NCAA cheating used to consist of boosters creating a slush fund to entice top recruits to attend their university. Suitcases of cash, money secretly wired into accounts, expensive cars, and other perks were funneled to players through the boosters using hidden means to evade NCAA enforcement & sanctions. Bluebloods are allowed to get away with an acceptable level of this because their programs have great traditions of winning which makes money for everyone involved. Pony Exce$$  (2010) is the ESPN ’30 for 30′ film that best examines this style of “old school” cheating in NCAA football.

ESPN’s ’30 for 30′ film series was perhaps the best thing that network has done in the 21st century. For those too young to remember, ESPN used to show regular sports, new sports (X-games, monster trucks, Asian kickboxing, etc), PLUS the highlights of all the MLB, NBA & NHL games. That was ESPN’s staple programming from its 1979 inception through 2000.

When ESPN started broadcasting Texas Hold Em poker in the early 2000’s, the network changed forever. Gambling & fantasy sports became mainstream, and thus football boomed, because the NFL is by far the highest-wagered sports book, with NCAA football second. This is when Stephen A Smith, Michael Wilbon, Chris Russo, etc, rose to prominence by screaming about sports on ESPN.

Classic ESPN at least had Bob Lea going Outside the Lines once in awhile, in an effort to educate sports fans. But when ESPN became Skip Bayless & Pat McAfee yacking everyday, all day, sports journalism became so degraded that it wasn’t taken seriously anymore by most sports fans. ESPN’s decline is a large reason why so many Americans have cut the cord. ESPN is a large part of your cable/satellite TV bill, whether you want it or not.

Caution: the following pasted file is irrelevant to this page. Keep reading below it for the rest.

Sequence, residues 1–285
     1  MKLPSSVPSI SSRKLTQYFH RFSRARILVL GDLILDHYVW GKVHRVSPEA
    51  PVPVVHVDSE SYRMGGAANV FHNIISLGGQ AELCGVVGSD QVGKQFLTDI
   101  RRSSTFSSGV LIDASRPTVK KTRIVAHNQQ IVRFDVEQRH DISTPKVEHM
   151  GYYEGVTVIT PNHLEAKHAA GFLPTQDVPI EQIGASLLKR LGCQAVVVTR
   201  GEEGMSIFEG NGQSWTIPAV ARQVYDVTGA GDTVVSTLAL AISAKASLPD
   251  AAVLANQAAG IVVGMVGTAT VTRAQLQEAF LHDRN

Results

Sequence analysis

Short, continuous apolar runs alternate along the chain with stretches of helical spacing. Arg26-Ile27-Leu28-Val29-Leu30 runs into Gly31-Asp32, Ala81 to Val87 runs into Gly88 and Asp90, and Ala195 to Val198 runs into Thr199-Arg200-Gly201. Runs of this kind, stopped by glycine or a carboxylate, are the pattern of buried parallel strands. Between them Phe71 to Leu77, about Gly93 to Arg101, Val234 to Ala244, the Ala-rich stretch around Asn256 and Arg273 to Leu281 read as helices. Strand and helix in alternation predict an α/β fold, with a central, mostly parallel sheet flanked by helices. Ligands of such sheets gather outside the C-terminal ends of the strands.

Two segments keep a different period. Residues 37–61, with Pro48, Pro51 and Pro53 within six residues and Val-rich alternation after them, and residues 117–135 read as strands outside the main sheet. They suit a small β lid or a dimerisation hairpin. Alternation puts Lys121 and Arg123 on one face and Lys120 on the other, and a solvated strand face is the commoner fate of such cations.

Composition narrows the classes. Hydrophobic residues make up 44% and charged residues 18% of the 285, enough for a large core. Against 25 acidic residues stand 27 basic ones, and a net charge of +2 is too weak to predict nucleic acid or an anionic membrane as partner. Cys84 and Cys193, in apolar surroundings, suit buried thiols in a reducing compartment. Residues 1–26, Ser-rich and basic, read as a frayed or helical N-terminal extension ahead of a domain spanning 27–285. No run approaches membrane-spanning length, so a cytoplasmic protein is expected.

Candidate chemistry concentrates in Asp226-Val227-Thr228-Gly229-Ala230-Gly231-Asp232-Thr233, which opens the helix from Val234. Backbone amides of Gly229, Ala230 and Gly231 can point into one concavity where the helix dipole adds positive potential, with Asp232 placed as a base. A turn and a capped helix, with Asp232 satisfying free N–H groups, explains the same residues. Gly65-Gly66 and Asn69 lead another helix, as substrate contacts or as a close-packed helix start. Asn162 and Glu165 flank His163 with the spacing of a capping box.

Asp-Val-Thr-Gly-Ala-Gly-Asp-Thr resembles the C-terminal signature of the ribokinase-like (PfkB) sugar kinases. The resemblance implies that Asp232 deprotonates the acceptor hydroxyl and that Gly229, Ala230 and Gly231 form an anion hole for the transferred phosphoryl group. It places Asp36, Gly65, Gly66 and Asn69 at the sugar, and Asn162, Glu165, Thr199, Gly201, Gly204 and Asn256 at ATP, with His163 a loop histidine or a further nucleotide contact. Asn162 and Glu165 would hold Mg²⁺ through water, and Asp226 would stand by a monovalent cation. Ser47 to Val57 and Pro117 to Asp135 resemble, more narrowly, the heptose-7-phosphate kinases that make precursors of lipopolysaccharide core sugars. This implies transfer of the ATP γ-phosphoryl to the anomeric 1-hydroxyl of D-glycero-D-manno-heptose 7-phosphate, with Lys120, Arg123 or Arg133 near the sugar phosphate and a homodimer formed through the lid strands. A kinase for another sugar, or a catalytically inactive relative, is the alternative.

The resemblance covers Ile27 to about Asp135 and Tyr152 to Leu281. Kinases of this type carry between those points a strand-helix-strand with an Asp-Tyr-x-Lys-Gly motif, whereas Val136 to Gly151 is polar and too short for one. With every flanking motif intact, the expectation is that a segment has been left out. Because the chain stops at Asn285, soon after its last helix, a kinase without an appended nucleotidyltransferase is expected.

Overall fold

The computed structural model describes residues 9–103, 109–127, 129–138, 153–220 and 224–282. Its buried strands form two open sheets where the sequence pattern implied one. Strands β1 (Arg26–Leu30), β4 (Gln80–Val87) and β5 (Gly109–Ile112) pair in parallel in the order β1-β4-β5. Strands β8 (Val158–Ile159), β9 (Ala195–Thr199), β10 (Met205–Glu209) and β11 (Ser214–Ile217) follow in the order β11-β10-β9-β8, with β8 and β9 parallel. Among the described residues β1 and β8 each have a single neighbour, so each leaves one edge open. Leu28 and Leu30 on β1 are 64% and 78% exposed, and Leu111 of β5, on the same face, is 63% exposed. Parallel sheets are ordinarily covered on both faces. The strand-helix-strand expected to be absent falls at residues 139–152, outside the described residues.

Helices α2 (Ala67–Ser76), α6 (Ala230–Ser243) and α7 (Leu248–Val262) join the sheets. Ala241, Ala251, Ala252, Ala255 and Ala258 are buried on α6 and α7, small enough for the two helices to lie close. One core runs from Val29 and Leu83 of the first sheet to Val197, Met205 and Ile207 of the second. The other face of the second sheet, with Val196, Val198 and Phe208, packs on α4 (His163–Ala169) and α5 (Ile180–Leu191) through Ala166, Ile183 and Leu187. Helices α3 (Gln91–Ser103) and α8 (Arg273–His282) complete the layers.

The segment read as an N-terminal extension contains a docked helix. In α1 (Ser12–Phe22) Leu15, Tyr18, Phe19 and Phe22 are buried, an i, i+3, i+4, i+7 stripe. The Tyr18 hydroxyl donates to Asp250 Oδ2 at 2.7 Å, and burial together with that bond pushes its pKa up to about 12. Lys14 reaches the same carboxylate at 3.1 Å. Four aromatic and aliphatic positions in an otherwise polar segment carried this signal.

Sports are expensive. It costs a lot to broadcast & televise these games (NCAA & professional league), and that is reflected in the number of commercials you see during a game on TV. It is reflected in the salaries of the players in the professional leagues, the high cost of team merchandise, and now in the Name, Image & Likeness money available to college athletes.

Epilogue: What we have in college sports now is a few great individual performers and then a bunch of crap. Not only are coaches & players coming & going at will, but major conferences are falling apart. USC & UCLA are abandoning the Pac-12 to join the Big 10 in 2024, which will then have close to twenty teams from coast to coast. The travel & logistics of all this scream “DON’T DO IT”, but it’s about to happen and it’s all about money. The SEC is the power conference everyone else in the NCAA is chasing. The SEC is absorbing Texas & Oklahoma from the Big 12. Gee, I remember when Texas was in the Southwest Conference and Oklahoma was a Big 8 football powerhouse under Barry Switzer. Back then, coaches stayed at their schools forever and their teams were arguably better and certainly more entertaining to watch. It’s the big money that turns everything to crap.